Wednesday, December 8, 2010

Considering Forms of Love


You're on your back,
sweat on your belly drying like sand;
striped sheet,
a smell of tidal marshes
and iron.
The surge and ebb of him is still echoing--
in your pulse and trucks out on the highway,
and the thwacking blades of that helicopter.
It has been searching for an hour,
or fifteen minutes, useless,
like a dog chasing cars.
His breath has turned slow,
and you trace cracks in the ceiling
while they turn into branches and twigs
against a March sky and
you are watching clouds spin
above the merry-go-round
you pushed it fast
to catch and lean back, and back
until your hair brushes the dust
as you wind down from flying.

WWP Prompt 31: Love

Friday, October 22, 2010


October is ending, November's on its way.
Dancing on the precipice is fine for spring and summer,
but it's time to fold the motley and put it on its shelf.

skinwalker's toss

this is a little choppy,
but, hey, Halloween...

Skinwalker's Toss

worn work boots, wing tips, stilettos, Birkenstocks,
flip-flops, moccasins, Doc Marten, Converse, bare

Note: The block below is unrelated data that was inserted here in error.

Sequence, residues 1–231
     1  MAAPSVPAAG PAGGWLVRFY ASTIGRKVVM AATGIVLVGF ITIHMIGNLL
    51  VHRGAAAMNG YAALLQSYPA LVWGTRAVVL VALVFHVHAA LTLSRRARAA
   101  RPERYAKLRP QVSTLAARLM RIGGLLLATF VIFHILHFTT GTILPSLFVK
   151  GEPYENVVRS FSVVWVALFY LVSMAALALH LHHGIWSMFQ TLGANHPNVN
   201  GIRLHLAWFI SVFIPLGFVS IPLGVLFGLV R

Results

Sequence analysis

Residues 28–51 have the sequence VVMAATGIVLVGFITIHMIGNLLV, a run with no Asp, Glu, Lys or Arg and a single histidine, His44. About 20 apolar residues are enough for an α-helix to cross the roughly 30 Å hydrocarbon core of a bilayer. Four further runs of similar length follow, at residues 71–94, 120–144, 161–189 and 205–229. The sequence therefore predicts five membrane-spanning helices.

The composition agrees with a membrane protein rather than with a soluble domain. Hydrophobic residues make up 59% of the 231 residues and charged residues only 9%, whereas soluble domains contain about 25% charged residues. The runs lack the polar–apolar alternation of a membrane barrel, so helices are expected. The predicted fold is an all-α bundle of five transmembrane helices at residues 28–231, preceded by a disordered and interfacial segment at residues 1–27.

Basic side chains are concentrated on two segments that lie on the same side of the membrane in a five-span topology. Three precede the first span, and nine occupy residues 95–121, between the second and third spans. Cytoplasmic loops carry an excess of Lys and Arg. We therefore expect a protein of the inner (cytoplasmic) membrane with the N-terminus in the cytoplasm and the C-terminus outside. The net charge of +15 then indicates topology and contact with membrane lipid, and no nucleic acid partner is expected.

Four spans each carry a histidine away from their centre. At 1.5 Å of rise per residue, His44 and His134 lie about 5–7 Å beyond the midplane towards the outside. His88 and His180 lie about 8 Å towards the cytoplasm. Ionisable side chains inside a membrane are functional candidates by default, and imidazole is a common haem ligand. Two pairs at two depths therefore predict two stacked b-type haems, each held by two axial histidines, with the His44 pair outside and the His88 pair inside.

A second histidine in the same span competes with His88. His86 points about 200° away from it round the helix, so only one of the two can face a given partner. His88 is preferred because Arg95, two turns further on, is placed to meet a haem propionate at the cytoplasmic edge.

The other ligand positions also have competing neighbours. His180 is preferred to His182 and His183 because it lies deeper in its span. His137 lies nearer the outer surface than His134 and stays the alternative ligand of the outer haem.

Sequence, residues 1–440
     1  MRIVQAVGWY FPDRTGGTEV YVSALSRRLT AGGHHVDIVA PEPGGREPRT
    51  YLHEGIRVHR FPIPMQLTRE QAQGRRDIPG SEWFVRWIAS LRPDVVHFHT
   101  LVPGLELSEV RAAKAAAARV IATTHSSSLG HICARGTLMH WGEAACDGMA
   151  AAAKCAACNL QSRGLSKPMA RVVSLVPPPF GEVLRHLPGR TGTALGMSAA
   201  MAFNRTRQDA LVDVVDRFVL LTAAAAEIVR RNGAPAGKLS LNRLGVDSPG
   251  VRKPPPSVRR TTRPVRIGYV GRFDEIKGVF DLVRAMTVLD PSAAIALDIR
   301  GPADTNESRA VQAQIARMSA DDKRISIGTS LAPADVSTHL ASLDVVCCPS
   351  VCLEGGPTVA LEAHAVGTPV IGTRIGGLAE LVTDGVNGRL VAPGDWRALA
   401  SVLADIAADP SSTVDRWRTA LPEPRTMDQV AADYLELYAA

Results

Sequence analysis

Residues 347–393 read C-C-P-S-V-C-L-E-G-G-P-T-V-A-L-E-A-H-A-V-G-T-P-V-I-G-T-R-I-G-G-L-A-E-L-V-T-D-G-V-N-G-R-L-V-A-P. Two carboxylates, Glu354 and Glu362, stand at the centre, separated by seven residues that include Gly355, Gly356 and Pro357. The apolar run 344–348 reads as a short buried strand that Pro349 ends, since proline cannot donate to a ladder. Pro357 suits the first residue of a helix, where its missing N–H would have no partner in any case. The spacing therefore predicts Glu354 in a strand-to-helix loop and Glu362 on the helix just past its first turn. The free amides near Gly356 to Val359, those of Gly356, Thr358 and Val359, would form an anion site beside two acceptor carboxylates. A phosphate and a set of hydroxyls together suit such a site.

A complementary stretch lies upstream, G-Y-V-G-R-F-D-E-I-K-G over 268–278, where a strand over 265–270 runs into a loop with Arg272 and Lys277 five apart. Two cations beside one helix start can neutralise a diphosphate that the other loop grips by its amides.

dog trailing a chain, cat, pigeon, owl, rat
no matter the form of the foot it will falter.
ecstasy or peace, the shapeshifter's chance

on one street out of many in any small city,
a building with a doorway in no way remarkable
casts a lure of peace to any who can hear
the screaming dark moon,
like a wild cat in heat

throw off your skin and come to your sister
in the one form you belong to: none
unity, unity, fleshless and free
wild in the space between fragmented wholes

but the door whispers sanctuary, sanctuary, home

the future will hang like the last autumn fruit,
out of reach, out of knowledge
one last new skin could be destiny in flesh
or the anguish and formless insanity
who calls the winner when the coin doesn't fall?
every dark of the moon
the same choice returns

Friday, October 15, 2010

poem from a wordle: the Flock


the Flock

Before the bitter winter comes,
the purple martins gather.
No extract of coal could be more black
than their glossy iridescent masses.

They trade away winter in hook-neck gourds
and staircase-less apartments
for the southern kiss of warmer days,
and the drooping mass of Spanish moss.

Mosquitoes bred in muddy sloughs
they pluck like cherries on the wing.
Their passing, thick as shadow,
is right and perfect on the sky
as a cat on a porch, blue lines on a page,
or a smile on a porcelain doll.

October wordle

Wednesday, October 13, 2010

animal poem for WWP

In answer to your question:
I can, in fact bwaawk like a hen.

( conversationally ) Bwaaawk, bwaaawk, bwaaawk.

( with excitement ) BWaaaawk!

( self-satisfied, or petulant, oddly the same )Bwawk.

and ( because there are always such moments ) Bwaawk?

It's a skill; it's a talent; it's an art.

For other animal visions, see
WWP Trip to the Zoo